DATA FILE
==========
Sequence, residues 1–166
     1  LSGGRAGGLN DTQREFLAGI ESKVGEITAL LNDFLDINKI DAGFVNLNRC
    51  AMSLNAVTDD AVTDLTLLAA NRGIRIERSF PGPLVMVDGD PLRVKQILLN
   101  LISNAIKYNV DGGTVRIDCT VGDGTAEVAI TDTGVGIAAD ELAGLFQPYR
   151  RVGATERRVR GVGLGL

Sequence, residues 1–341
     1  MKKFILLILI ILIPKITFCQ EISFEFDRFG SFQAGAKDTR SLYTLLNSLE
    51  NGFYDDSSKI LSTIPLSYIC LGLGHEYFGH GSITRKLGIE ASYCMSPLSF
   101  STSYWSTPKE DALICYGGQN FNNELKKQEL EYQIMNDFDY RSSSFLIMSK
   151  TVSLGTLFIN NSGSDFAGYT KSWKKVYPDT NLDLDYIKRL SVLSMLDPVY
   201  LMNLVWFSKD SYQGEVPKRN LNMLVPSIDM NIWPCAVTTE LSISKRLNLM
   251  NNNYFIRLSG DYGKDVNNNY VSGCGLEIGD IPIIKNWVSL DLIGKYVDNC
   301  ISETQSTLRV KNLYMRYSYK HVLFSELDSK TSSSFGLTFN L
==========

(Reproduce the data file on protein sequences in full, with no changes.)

Sequence, residues 1–166
     1  LSGGRAGGLN DTQREFLAGI ESKVGEITAL LNDFLDINKI DAGFVNLNRC
    51  AMSLNAVTDD AVTDLTLLAA NRGIRIERSF PGPLVMVDGD PLRVKQILLN
   101  LISNAIKYNV DGGTVRIDCT VGDGTAEVAI TDTGVGIAAD ELAGLFQPYR
   151  RVGATERRVR GVGLGL

Sequence, residues 1–341
     1  MKKFILLILI ILIPKITFCQ EISFEFDRFG SFQAGAKDTR SLYTLLNSLE
    51  NGFYDDSSKI LSTIPLSYIC LGLGHEYFGH GSITRKLGIE ASYCMSPLSF
   101  STSYWSTPKE DALICYGGQN FNNELKKQEL EYQIMNDFDY RSSSFLIMSK
   151  TVSLGTLFIN NSGSDFAGYT KSWKKVYPDT NLDLDYIKRL SVLSMLDPVY
   201  LMNLVWFSKD SYQGEVPKRN LNMLVPSIDM NIWPCAVTTE LSISKRLNLM
   251  NNNYFIRLSG DYGKDVNNNY VSGCGLEIGD IPIIKNWVSL DLIGKYVDNC
   301  ISETQSTLRV KNLYMRYSYK HVLFSELDSK TSSSFGLTFN L